Sticker Chart (with Template)

stchar(Note: I added the image to illustrate the difference between the old and new methods. Also, to point out that I did not scrapbook-ify, bedazzle or otherwise Pinterest-icate the charts. They’re functional, not obsessive.)

About the time that AJ started to grasp the ideas of counting and ‘future reward’, we started using sticker charts. They were initially an incentive for using the potty, but were less effective for that than they were for helping with chores and as spontaneous rewards for being “very good”. I came up with the arbitrary number of twenty for a full sticker chart, because I wanted something achievable but not too easily achievable.

My idea when we began was that the kids could trade in their full sticker chart for a reward like ‘going swimming’ or some other ‘special’ with a given adult. They were thinking much smaller, though, and mostly cashed their full charts in for a piece of candy from the reward bucket.

Somewhere in that time period, we started making relatively frequent stops by The Depot and Goodwill, two secondhand stores in Decorah, and the kids always wanted a toy. To discourage the whining and attach a sense of value to their toys, I decided that when they got 20 stickers, they could get one toy from The Depot. The toys at the Depot tend to be extremely reasonably priced, the inventory changes from day to day and sometimes several times a day, and the kids love to go and choose something. So, we have settled on an excellent non-candy, non-bank-breaking reward. An added bonus is that AJ, at least, feels ownership of the toys that he earned with stickers, and remembers which ones he got to choose himself.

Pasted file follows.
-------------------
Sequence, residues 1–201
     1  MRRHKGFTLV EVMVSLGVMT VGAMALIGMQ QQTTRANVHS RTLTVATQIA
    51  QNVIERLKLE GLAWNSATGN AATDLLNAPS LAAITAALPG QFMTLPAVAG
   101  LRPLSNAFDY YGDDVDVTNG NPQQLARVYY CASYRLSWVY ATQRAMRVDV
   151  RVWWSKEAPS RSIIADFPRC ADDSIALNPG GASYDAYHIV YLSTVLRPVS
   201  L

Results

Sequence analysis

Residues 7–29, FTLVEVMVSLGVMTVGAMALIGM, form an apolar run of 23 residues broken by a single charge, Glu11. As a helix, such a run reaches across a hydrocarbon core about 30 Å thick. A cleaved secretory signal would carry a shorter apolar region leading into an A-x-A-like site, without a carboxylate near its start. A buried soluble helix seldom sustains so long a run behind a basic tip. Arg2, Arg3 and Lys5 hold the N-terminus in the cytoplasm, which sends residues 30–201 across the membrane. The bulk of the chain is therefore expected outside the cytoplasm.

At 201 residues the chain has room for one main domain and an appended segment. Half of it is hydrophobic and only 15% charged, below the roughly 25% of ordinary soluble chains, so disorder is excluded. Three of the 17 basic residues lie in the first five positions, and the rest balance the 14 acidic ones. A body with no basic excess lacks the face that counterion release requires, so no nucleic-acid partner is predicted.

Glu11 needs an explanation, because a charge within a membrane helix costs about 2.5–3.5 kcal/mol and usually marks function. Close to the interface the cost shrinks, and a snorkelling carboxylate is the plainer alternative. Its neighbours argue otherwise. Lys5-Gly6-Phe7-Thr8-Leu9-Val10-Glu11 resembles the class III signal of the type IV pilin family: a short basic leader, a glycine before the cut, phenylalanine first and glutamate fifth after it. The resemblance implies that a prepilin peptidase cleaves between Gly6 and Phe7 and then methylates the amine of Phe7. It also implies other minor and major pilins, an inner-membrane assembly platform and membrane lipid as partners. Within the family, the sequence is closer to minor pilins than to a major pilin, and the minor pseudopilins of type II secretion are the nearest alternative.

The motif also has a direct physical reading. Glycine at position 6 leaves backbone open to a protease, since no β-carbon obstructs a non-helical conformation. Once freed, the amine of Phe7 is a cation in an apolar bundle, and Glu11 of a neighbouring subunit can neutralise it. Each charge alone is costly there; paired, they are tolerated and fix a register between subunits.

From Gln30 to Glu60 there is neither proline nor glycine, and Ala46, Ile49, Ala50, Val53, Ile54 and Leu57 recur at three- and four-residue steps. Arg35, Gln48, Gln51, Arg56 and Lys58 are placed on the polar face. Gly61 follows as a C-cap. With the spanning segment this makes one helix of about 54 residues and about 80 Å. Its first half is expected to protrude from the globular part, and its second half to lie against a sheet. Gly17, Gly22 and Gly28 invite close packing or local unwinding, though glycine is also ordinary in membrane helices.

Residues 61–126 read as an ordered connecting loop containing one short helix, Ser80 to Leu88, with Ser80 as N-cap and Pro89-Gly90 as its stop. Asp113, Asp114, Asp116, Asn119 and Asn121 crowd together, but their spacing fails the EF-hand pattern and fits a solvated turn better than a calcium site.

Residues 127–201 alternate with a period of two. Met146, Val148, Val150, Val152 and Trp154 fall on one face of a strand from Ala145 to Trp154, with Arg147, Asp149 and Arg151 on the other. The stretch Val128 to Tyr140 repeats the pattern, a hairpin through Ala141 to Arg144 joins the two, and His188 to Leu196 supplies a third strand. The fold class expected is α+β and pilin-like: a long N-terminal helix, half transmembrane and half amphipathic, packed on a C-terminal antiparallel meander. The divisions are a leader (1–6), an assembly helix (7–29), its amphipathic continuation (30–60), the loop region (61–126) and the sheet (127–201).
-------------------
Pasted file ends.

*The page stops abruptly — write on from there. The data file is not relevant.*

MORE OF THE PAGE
Olin likes the idea, but doesn’t really understand that when he wants to trade his sticker chart in for “a garbage truck”, there might not actually be a garbage truck at the secondhand store. For him, I have recently had better luck with buying a package of toy tractors/trucks in his current theme and passing them out one at a time as earned.

Today, Olin cashed in his full chart for a John Deere loader tractor. He loves it, of course, and is obsessively searching for something to load with it. He’s too much of a concrete thinker to just pretend the load. At the moment, he’s pushing the crumbs from a smashed tortilla chip in to a pile.

The need for a new chart is what inspired this post, actually. We have been using just a blnk sheet of printer paper, but Olin and AJ have become very interested in how many stickers they have and how many more until 20, so I made a more organized chart that has the numbers there for them to count along, a blank space for names since two of the three can and should be practicing writing their own names, and takes a quarter of the paper used previously (which saves on both trees and wall space.)

Sticker Chart Template

I’m pleased with it, and Olin says, “It looks like at school!” so I thought I’d share with you as well. This is a PDF version – I made mine very simply in Word 2010. It prints with 0.35 margins (the narrowest my printer will allow) and if you want your child’s name pre-printed on there, it wouldn’t be very hard to add.

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